A photo collage of the current Jazz at Lincoln Center Orchestra roster.
One of the pleasures of being a jazz fan is hearing great musicians in small club settings where the feel is intimate and many of the seats are just a few feet away from the stars. Occasionally, though, there is something very fine about hearing a jazz ensemble at the top of its game while sitting among 2,000 or so new friends, in an acoustically perfect large setting. That happened last night, when Wynton Marsalis brought his Jazz at Lincoln Center Orchestra to Orchestra Hall in Minneapolis for a wonderful evening of classic jazz.
The Jazz at Lincoln Center Orchestra, founded in 1988, is led by Wynton Marsalis, and features 14 other musicians. The orchestra is racially diverse, but entirely composed of men. It tours several months each year, spending the remainder of its time performing in the center of Manhattan, at the eponymous Lincoln Center. Its journey to Minnesota was sponsored by the Dakota Jazz Club.
The ensemble’s music is a mixture of jazz standards and newly commissioned works. Like an old-time jazz big band, the players appear in suit and tie, and usually stand up for their solos. And their repertoire this evening was strong on jazz tradition: four of the songs were written by Jelly Roll Morton, and one each by Ray Noble, Duke Ellington, and Sonny Rollins – all arranged for the Orchestra by its members; the remaining songs were new compositions by Orchestra members.
Marsalis is, of course, the best known name, the headliner – a musician who has won numerous Grammies, in both jazz and classical music categories, and was awarded a Pulitzer Prize in 1997 for his oratorio Blood on the Fields. However, when the Orchestra performed, Marsalis was just the first among equals. He did begin the concert with a lovely solo rendition of “Cherokee” (a song he recorded over 35 years ago, on Marsalis Standard Time, Volume 1). However, after that, he receded to a seat at the back of the Orchestra, taking only two or three solos through the rest of the 2-hour performance. (While the performance occurred only days after the release of the Orchestra’s excellent new album, Handful of Keys, there did not seem to be any overlap between the night’s song selections and that of the album.)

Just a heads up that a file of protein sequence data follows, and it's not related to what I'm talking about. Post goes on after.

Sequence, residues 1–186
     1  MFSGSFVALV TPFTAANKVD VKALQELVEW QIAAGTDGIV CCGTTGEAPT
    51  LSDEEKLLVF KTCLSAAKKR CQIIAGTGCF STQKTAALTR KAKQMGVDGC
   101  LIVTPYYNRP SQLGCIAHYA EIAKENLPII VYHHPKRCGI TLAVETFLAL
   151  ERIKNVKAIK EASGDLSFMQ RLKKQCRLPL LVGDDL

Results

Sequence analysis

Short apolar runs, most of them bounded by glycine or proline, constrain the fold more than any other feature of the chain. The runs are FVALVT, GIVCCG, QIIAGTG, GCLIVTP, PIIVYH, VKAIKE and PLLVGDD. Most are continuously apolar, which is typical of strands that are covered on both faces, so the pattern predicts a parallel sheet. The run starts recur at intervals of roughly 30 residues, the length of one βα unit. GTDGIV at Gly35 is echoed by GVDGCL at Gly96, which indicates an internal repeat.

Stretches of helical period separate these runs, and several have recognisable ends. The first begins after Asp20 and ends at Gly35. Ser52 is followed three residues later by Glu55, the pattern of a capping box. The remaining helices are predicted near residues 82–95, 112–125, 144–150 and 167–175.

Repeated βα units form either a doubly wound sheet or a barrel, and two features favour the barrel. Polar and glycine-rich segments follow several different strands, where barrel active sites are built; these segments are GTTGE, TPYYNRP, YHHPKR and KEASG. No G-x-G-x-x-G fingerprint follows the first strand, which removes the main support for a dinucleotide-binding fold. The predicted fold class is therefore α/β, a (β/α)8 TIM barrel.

Marsalis functioned as the voice of the Orchestra, announcing the songs and explaining a bit of the way the ensemble operates. The term “ensemble” fits this group very well: they make sure that every musician is featured at least once in each performance, and (as mentioned) the group shares widely in the arrangement of older pieces and the composition of new pieces. The night offered numerous amazing performances, including Marcus Printup on trumpet, Chris Crenshaw on trombone, Dan Nimmer on piano, Sherman Irby on saxophone, and Carlos Henriquez on Bass, but every player on the stage had solos that evoked awe and delight from the audience. Tthere was even a jazz tuba solo, something I had never heard before.
With performances this stellar, the Jazz at Lincoln Center Orchestra can help to assure the future of jazz music, while also reaffirming its grand past.